The decision earlier this year of Mr Justice Jones in the Financial Services Division of the Cayman Islands gave a broad interpretation of the assistance that may be available to a foreign insolvency representative at common law. This stands in rather stark contrast to the approach taken in the Commercial Court in the British Virgin Islands, where the common law basis for recognition was found to have little place in BVI law and where statutory assistance is available only to representatives from a limited number of jurisdictions.

In Irving H Picard and Bernard L Madoff Investment Securities LLC v Primeo Fund (14 January 2013, unreported) Mr Justice Jones ruled on a series of preliminary issues in an action brought by Mr Picard asserting a number of avoidance claims. Mr Picard is the trustee of Bernard L Madoff Investment Securities LLC (BLMIS). In a short judgment dated 5 February 2010 (2012 (1) CILR 231) Jones J had granted Mr Picard recognition under section 241(1) of the Companies Law (2009 Revision) as the sole person having the right to act on behalf of BLMIS in the Cayman Islands.

Thereafter, Mr Picard commenced the avoidance action (seeking to set aside payments made by BLMIS to Primeo Fund) claiming both under the Cayman Islands preference provision and under US insolvency law. The availability of these claims was considered (as preliminary issues) by Jones J in his 14 January 2013 judgment.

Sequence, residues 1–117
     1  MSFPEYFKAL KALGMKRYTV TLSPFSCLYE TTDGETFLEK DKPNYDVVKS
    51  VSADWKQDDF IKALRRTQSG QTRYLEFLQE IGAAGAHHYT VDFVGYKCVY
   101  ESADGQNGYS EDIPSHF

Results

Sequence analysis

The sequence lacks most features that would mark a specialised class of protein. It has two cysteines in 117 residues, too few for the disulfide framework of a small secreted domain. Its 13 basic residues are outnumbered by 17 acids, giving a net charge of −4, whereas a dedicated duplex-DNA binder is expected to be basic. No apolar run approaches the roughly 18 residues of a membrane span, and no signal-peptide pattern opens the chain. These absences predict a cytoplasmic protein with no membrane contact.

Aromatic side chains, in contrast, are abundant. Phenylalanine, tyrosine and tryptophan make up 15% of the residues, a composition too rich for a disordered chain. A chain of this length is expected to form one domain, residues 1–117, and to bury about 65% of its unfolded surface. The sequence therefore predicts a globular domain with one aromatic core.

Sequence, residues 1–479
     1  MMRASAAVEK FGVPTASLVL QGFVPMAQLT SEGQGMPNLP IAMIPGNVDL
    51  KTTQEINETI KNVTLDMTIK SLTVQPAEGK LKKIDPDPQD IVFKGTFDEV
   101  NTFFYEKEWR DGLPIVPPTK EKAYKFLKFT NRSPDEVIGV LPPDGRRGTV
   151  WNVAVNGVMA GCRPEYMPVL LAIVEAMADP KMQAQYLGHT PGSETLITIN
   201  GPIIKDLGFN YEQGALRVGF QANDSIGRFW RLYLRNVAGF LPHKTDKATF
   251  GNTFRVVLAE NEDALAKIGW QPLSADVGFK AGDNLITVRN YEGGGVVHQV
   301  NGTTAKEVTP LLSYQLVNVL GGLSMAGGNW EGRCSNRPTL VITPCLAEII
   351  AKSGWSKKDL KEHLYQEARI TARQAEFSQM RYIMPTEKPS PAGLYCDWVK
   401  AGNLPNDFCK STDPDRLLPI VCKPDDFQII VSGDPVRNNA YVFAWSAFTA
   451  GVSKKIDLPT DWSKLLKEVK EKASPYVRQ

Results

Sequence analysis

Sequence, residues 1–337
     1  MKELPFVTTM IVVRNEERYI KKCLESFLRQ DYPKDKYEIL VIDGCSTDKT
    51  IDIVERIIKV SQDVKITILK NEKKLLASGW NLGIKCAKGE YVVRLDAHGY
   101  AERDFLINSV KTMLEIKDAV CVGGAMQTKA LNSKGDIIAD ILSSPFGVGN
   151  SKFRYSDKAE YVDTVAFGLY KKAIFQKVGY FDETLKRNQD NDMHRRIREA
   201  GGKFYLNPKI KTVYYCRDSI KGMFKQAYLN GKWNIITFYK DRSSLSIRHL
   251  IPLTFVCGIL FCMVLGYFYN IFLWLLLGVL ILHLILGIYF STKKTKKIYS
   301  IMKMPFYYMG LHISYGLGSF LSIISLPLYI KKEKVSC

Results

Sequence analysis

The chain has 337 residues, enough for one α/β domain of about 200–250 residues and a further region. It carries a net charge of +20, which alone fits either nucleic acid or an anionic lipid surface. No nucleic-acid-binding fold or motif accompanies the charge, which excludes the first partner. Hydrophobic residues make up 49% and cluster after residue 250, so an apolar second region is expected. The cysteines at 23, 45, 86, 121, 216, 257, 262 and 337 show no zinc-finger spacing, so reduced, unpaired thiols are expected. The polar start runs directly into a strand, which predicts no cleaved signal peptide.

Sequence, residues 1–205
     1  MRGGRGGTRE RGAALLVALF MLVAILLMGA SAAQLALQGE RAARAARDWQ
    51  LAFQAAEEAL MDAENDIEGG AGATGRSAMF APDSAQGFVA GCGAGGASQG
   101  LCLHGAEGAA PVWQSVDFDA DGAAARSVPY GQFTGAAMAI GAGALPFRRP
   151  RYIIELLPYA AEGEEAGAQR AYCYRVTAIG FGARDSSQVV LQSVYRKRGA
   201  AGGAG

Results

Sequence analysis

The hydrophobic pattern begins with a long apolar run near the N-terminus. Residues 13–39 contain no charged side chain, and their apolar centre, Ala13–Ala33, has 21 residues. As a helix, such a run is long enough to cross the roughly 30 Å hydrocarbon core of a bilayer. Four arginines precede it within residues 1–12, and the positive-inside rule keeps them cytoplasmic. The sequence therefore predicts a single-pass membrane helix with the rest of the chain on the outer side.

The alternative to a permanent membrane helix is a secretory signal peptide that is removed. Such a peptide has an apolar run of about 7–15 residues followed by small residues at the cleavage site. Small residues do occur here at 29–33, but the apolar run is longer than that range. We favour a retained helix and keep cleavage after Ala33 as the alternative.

Ancillary Orders

Section 241 of the Law empowers the court to make orders ancillary to a foreign bankruptcy proceeding. These may be made for a number of purposes, including recognition, imposing a stay on proceedings or on the enforcement of judgments, allowing an examination or production of documents and ordering the turnover of any property belonging to a debtor. In his judgment Jones J stated that section 241 supplements and partially codifies the common law; it did not abolish the common law rules, which continue to exist alongside the new statutory provision.

Jones J decided that section 241 does not allow for assistance to be given by way of avoidance actions, even though the US courts had given such assistance under section 304 of the US Bankruptcy Code, on which section 241 was based. In particular, whilst section 304 allowed the US court to assist in the turnover of any property of "the estate", section 241 instead referred to property "belonging to a debtor", which Jones J held to mean the same as property of the company (and did not include the right to bring avoidance actions under the insolvency regime).